The amendment was introduced by California Reps. Dana Rohrabacher, a Republican, and Sam Farr, a Democrat, and was approved by the House of Representatives in May. It implies that DEA raids on medical marijuana patients in states where it is legal will stop.

    The budget Senate proposal — which must still go back to the House for a full vote before it lands on President Obama’s desk — would keep all but the Department of Homeland Security (DHS) operating normally through the end of the fiscal year in 2015.

    The compromise bill was approved with Republicans agreeing to put off a fight with Obama over his immigration policies until February, when funding for the DHS is slated to run out, the Associated Press reported.

    The bill’s Section 538, which addresses medical marijuana, reads:

    None of the funds made available in this Act to the Department of Justice may be used, with respect to the States of Alabama, Alaska, Arizona, California, Colorado, Connecticut, Delaware, District of Columbia, Florida, Hawaii, Illinois, Iowa, Kentucky, Maine, Maryland, Massachusetts, Michigan, Minnesota, Mississippi, Missouri, Montana, Nevada, New Hampshire, New Jersey, New Mexico, Oregon, Rhode Island, South Carolina, Tennessee, Utah, Vermont, Washington, and Wisconsin, to prevent such States from implementing their own State laws that authorize the use, distribution, possession, or cultivation of medical marijuana.

    The bill also includes a section that protects industrial hemp cultivation.

    None of the funds made available by this Act may be used in contravention of section 7606 (”Legitimacy of Industrial Hemp Research”) of the Agricultural Act of 2014 (Public Law 113–79) by the Department of Justice or the Drug Enforcement Administration.

    AP Photo/Robert F. Bukaty

    Marijuana advocates were pleased with the bill.

    Tom Angell, founder of Marijuana Majority, said in statement to BuzzFeed News: “Congressional leaders seem to have finally gotten the message that a supermajority of Americans wants states to be able to implement sensible marijuana reforms without federal interference.”

    Angell also urged the Obama administration to use this opportunity to “reschedule marijuana immediately.” Marijuana is currently classified as a Schedule I drug, meaning it’s a dangerous narcotic with no accepted medical use. Heroin and LSD are also classified Schedule I, while cocaine and methamphetamine are Schedule II, a lower ranking.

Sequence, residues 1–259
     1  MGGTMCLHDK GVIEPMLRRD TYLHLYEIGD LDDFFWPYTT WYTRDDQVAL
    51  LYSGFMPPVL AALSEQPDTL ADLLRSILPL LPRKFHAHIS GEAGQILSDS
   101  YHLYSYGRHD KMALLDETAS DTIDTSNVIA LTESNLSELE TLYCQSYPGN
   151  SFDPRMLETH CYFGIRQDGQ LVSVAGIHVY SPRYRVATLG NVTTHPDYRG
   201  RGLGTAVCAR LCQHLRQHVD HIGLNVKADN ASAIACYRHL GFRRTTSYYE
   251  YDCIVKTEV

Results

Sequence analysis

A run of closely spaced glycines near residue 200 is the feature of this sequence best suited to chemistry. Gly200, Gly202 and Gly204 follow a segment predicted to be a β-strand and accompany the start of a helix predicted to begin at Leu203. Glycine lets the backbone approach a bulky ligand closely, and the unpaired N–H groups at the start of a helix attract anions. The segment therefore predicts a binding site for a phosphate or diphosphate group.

Advocates say reclassifying the drug would allow for state and federal laws to be in sync, and conserve law enforcement resources. It would also ease access to research of the drug and tension between banks and marijuana retailers.

    Erik Altieri, communication director for the National Organization for the Reform of Marijuana Laws, also released a statement that said: “By restricting these agencies in this manner, the nearly two dozen states that implemented medical marijuana programs can hopefully breathe easier knowing federal money won’t be spent to interfere with their progress. We hope this leads to further reforms at the federal level further enshrining this sentiment into law.”

    The bill also effectively blocks the legalization of recreational marijuana use in Washington, D.C., but preserves its decriminalization law.

    Voters in Washington, D.C., overwhelmingly passed a recreational marijuana referendum on the November ballot, which is now effectively blocked. The District passed a decriminalization bill in April that will remain intact.

    The proposed bill’s appropriations section, which allocates millions in funds to the district, states:

    “None of the Federal funds contained in this Act may be used to enact or carry out any law, rule, or regulation to legalize or otherwise reduce penalties associated with the possession, use, or distribution of any schedule I substance under the Controlled Substances Act (21 U.S.C. 801 et seq.) or any tetrahydrocannabinols derivative.”

    Unlike most states, Washington, D.C., doesn’t take in any local revenue that it can spend and receives all of its funding from the federal government, so the ban on using funds for legalization effectively blocks the referendum voters recently passed.